Thank you for taking the time to view my video and read this short piece. Below are several other videos I have posted on the topic with more to come in the future.

Here's some links for engraving tools on Amazon, Associate links help support the channel and website.

Headband Maginifer- http://amzn.to/2mnr93z
My Engraving Vice- http://amzn.to/2lhBc5q
Engraving Hammer- http://amzn.to/2lZtv7I
Swing Arm Engraving Lamp- http://amzn.to/2lhEvJS
Pneumatic Engraving- http://amzn.to/2m4rgk9
Assortment of Gravers- http://amzn.to/2m4tYWN

Books-
The Art of Engraving- http://amzn.to/2mnwUOC
Engraving on Precious Metals- http://amzn.to/2mEeghz
The Jewelry Engravers Manuel- http://amzn.to/2lZIlew
Fantastic Ornament- http://amzn.to/2mxz3UV
Steel Canvas: The Art of American Arms- http://amzn.to/2lhM96S



Making Engraving Chisel Handles




Engraving Tools and Work Space




Getting Started - What to Cut First

Tuesday, January 31, 2017

2016 Nutcracker Making - The Blacksmith



As you all know, life is busy. In the pursuit of greener grass people run themselves ragged, basically eating and sleeping in between working. One way to combat that is to have no excuses time set aside to do things together. One of these times that my wife and I have established is making our annual nutcracker. While a project like this can be kind of daunting during my most busy time of the year, we have done so for the past 6 years! Our first nutcracker, Mr. Nutty, was inspired by my wife's love for the Nutcracker play. I surprised her on one of her visits 4 years before we got married with a clean workshop and a huge pile of split oak for the wood stove. She lit up when I told her what we where going to do.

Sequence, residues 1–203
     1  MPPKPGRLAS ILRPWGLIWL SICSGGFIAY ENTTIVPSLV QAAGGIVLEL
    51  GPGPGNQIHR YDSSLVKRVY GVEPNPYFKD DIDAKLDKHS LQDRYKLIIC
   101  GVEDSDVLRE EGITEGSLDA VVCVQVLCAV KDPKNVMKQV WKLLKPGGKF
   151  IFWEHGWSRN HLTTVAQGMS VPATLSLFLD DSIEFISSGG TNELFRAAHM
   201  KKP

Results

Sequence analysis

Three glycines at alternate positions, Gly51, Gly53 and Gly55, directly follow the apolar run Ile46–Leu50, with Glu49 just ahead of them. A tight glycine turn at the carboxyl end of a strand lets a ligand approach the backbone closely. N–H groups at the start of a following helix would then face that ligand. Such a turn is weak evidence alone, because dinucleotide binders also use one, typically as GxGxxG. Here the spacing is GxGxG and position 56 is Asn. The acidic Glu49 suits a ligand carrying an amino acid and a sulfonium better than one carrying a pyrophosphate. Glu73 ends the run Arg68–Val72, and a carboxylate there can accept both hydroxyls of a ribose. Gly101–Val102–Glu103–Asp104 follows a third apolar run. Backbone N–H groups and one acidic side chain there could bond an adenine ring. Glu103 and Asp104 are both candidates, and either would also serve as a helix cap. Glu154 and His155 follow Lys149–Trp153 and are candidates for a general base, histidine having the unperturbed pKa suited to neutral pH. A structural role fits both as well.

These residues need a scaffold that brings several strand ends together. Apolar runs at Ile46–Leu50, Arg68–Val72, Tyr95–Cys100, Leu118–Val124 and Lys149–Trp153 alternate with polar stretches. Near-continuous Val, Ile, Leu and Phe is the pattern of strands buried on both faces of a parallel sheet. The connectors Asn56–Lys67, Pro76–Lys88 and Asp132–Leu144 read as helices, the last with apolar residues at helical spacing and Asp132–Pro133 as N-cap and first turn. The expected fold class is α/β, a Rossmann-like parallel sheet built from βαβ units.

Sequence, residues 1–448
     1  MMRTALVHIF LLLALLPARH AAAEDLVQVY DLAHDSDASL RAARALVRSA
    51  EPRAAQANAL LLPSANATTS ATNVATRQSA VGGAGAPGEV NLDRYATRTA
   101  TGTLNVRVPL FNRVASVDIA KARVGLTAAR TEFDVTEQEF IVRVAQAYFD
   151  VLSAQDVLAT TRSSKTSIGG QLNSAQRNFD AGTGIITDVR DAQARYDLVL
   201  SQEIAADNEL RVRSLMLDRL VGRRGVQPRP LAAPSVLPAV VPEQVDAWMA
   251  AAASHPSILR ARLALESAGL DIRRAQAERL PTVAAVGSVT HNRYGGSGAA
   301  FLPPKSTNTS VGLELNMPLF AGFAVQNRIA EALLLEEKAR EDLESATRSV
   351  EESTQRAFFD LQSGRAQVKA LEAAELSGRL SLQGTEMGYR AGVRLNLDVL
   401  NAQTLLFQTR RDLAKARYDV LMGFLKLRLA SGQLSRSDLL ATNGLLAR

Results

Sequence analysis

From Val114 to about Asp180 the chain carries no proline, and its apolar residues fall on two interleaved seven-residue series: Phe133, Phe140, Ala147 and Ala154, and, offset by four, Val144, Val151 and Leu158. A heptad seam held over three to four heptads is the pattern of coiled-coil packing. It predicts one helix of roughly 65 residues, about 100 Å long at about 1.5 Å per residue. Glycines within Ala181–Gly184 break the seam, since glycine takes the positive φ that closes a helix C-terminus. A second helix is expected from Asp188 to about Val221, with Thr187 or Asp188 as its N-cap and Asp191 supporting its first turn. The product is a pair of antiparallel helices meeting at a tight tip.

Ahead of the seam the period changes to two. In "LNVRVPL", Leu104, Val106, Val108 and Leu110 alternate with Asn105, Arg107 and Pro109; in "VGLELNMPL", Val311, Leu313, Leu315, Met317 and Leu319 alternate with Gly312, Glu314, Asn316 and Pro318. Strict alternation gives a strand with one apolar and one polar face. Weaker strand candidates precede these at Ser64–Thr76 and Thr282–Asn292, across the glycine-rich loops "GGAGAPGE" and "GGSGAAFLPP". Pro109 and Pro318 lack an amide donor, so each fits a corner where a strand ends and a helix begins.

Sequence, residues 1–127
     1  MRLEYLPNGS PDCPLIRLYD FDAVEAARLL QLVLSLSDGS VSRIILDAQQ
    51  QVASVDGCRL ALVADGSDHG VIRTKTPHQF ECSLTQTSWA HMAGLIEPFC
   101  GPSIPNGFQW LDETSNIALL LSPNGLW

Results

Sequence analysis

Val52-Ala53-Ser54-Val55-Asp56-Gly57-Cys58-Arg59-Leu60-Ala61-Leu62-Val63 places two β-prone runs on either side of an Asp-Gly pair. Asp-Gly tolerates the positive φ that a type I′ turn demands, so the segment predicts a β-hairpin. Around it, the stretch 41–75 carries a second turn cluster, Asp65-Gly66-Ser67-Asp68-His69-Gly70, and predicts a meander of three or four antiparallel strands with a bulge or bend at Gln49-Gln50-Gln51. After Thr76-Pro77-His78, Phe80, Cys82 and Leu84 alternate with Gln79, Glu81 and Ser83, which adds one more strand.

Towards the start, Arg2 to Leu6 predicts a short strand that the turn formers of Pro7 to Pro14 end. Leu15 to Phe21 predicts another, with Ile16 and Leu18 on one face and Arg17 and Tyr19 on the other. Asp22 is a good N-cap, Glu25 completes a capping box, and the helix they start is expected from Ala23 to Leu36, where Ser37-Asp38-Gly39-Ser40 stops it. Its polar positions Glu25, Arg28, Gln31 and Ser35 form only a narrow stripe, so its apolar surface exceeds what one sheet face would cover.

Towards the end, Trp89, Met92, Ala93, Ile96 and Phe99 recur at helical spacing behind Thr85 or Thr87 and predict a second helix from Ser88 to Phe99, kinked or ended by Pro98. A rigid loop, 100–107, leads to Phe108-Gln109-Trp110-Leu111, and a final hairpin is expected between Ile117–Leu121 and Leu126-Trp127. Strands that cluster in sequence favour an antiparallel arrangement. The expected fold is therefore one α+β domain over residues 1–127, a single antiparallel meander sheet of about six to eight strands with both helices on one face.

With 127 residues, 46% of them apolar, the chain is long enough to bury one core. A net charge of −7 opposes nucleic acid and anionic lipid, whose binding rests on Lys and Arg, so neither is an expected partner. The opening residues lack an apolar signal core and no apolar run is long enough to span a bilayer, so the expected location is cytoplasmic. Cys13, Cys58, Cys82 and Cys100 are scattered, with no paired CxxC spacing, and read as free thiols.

The first step was heading out into the woods to find a good tree to work with, we found a standing dead tree about 4 inches round for a good 12 feet. We cut it down and drug it back to the shop and got started cutting it into nutcracker sized pieces. We have continued to use this same tree for each nutcracker and have one more nutcracker's worth! We also use other pieces of wood for smaller pieces and parts. The use of metal, leather, fabric, clay and other materials also makes the list. Each nutcracker has been turned on my old lathe by both my wife and I. Before turning we first decide the theme of the project and then without looking at the other, each draw our idea. Afterwards we look at out drawings and decide the best features and combine them into one magnificent nutcracker. The majority of the nutcracker is turned on the lathe with the balance of the parts made on other tools in the shop. Once parts start getting finished up, my wife starts painting on the cloths and other decorative elements. Assembly consists of drilling holes, using nails, epoxy and what ever else we need. First we assemble the nutcrackers chomper, arms and legs. Next comes gluing it into the base, attaching his shoes and doing some finishing work including gluing on his hair and making what ever clothing he may be wearing. In the end we have an incredible amount of time tied up in something you can buy for less than $10.......but saving money........or time, clearly isn't the idea.

Around Thanksgiving each year, we realize it's about that time again and start thinking of ideas. After Thanksgiving we get a tree and start brainstorming on paper and get started. They take about a week to make from the time the first piece of wood is turned. Thank you for taking the time to read these words and watch the video. I hope it sparks an idea in you as well to make your own nutcracker or other fun project with your family.

Here's our other nutcrackers in the order we made them, Enjoy!